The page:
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Christ's presence in the sacrament the exact standards of their judgment, whence after ages brought in transubstantiation. Yea, from the fathers' elegant apostrophes to the dead (lively pictures by hasty eyes may be taken for living persons), prayers to saints took their original. I see that truth's secretary must use a set hand in writing important points of divinity. I dancing for nimble wits on the precipices of dangerous doctrines. For though they escape by their agility, others (encouraged by their examples) may be brought to destruction,

Suppressing Chapters. In these licentious times, wherein religion lay in a swoon, and many pretended ministers (minions of the times) committed or omitted in divine service what they pleased; some, not only in Wales, but in England, and in London itself, on the Lord's day (sometimes with, son times without a psalm) presently popped up into the pulpit, before any portion of scripture, either in the Old or New Testament was read to the people. Hereupon one in jestcarnest said, that formerly they put down bishops and deans, and now they had put down chapters too. It is high time that this fault be reformed for the future, that God's Word, which is all gold, be not justled out to make room for men's sermons, which are but parcel-gilt at the best.


THERE was an Isaac Barrow, son of another Isaac Barrow of Spiney Abbey, in Cambridgeshire, who held various important offices in the Church of England during the reign of Charles II. He was successively Librarian of Peterhouse, Cambridge ; Chaplain of New College, Oxford ; Fellow of Eton College, Cambridge; Rector of Downham; Bishop and Governor of the Isle of Man; and died in 1680 Bishop of St Asaph. From the identity of their names, and from their flourishing at the same period, and holding office in the same Church, the Bishop and his more illustrious nephew and namesake have been often confounded together; however, they were not only historically distinct, but we are inclined to believe, theologically different. The Bishop died at Shrewsbury, and was buried in the Cathedral churchyard of St Asaph, where his monument still stands, inviting the passer-by to pray for the soul of the departed prelate—O) introeuntes domum Domini, orate pro anima Isaaci Barrow,” &c. We are not aware that it has ever been proved that this Popish inscription was a compliance with any request of Bishop Barrow himself; but he would have been a bold man who, on the tomb of the most distinguished assailant of the Pope's Supremacy, should have put a recognition of the Romish doctrine of Purgatory.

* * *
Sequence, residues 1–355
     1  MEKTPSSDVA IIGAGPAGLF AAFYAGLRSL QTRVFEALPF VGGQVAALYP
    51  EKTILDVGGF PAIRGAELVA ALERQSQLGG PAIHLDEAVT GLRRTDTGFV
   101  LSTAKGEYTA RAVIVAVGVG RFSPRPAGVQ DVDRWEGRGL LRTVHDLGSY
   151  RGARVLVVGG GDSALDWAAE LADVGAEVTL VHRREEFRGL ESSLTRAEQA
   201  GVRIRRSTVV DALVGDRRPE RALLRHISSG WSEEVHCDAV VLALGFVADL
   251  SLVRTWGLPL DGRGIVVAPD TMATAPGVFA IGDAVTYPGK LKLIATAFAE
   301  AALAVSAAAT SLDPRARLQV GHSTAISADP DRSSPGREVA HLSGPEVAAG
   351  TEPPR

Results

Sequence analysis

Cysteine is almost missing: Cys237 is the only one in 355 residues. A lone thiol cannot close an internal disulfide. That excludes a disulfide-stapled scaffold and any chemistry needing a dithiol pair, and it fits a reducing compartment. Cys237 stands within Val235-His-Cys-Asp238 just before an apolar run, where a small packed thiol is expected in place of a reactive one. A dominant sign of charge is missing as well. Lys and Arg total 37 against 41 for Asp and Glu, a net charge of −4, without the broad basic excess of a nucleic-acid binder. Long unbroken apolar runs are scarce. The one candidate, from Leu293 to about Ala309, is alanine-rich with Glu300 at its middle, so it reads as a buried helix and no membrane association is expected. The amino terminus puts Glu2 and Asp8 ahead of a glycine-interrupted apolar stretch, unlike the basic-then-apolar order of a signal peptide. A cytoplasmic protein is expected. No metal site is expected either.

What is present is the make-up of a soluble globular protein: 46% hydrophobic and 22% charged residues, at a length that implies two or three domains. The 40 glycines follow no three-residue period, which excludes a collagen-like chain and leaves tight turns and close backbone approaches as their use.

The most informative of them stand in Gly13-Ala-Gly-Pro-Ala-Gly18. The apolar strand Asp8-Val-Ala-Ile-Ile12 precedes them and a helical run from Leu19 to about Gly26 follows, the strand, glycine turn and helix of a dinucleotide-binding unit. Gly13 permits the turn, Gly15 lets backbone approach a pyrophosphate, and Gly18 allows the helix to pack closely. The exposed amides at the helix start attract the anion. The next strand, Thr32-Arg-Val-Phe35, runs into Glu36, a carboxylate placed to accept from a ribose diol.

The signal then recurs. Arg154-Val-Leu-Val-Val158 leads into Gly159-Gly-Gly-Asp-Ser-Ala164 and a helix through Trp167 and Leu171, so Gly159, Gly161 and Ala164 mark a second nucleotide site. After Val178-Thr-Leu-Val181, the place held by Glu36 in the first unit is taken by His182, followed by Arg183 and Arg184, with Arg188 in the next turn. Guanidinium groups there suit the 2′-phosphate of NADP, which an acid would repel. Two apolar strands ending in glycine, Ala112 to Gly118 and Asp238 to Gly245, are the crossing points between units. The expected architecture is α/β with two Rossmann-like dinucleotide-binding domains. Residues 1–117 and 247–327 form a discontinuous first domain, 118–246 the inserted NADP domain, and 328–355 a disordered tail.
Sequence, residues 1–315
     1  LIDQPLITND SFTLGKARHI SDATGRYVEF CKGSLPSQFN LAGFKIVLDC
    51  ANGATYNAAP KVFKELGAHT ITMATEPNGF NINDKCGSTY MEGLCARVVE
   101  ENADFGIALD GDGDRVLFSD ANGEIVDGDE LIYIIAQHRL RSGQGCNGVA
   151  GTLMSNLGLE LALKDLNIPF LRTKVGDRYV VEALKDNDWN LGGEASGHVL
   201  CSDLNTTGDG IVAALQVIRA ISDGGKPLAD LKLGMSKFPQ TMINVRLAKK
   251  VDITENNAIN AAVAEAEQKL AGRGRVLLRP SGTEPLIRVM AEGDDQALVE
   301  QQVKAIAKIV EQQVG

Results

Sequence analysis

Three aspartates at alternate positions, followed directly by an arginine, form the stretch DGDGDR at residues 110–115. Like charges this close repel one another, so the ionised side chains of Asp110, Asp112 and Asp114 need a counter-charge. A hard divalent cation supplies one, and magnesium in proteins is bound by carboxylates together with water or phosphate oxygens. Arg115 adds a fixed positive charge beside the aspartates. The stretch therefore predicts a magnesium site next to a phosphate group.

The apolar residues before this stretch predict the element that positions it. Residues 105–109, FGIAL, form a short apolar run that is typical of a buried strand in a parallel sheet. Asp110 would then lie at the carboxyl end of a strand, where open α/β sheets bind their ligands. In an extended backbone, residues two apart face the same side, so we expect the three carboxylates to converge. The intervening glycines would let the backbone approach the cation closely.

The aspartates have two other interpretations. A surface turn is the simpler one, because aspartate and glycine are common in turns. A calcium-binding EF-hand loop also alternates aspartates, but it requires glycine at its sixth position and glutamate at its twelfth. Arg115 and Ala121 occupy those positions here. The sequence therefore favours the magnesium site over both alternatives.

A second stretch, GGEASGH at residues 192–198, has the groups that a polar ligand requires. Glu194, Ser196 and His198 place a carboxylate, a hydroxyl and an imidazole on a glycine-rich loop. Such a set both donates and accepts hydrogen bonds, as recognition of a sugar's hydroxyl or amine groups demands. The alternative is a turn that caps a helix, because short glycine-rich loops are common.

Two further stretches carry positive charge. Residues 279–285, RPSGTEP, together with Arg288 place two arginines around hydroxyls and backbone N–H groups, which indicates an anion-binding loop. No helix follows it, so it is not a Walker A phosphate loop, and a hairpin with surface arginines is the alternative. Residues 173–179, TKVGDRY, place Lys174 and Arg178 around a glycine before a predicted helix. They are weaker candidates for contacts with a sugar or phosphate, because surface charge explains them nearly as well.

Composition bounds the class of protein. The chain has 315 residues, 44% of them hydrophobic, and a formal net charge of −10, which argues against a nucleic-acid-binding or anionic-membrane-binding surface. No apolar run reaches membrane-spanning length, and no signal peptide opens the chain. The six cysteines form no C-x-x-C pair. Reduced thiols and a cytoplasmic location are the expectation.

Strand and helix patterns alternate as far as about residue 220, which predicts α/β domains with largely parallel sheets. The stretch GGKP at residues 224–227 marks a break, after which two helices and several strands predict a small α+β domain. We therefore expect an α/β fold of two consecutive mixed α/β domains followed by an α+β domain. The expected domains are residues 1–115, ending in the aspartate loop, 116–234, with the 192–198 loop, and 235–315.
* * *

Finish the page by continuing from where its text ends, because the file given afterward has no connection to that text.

Dr Isaac Barrow was the son of Thomas Barrow, a citizen of London, and linen-draper to Charles I. ; and grandson to Isaac Barrow of Spiney Abbey. The exact date of his birth has been strongly contested, and may now be considered a hopeless era in chronology. His executor and biographer, Abraham Hill, says that he was born in October 1630, and this account is apparently confirmed by the doctor's father. But his friend

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Dr Walter Pope asserts that he could not have been born either in October, or in 1630 ; for Barrow used to say, that the 29th of February was the best day of the year on which a man could be born; for whilst his fellow-collegians treated him to a birthday dinner once a twelvemonth, he required to entertain them in return but once in every four years. Leap-year did not fall on 1630.

He was early sent to the Charter-House School, then recently opened ; but during the two or three years of his attendance he made small progress in learning. The only powers which he displayed were pugilistic. “For his book, he minded it not ;" and so studiously did he eschew all learning, that his father not only repented his original purpose of making Isaac a scholar, but, in the bitterness of his heart, would express the wish, that if it pleased God to take away any of his children, it might be this good-for-nothing boy.

As the only chance of improvement, Mr Barrow determined on a change of school, and sent his son to Felsted in Essex. Here, under the management of a judicious instructor, his energies were directed into a safer and more useful channel. He soon discovered such talent and trustworthiness, that his master appointed him preceptor to Viscount Fairfax of Emely, then a pupil at Felsted. The sense of responsibility was just the motive which Isaac needed, in order to concentrate his strenuous and vivacious mind on what had hitherto been irksome learning, and to repress that excessive fondness for boisterous sports, which the "little tutor” felt would now be wholly out of character. He became an ardent student, and although the combativeness might not be entirely quenched, it began to assume the less turbulent form of intrepidity and manly courage.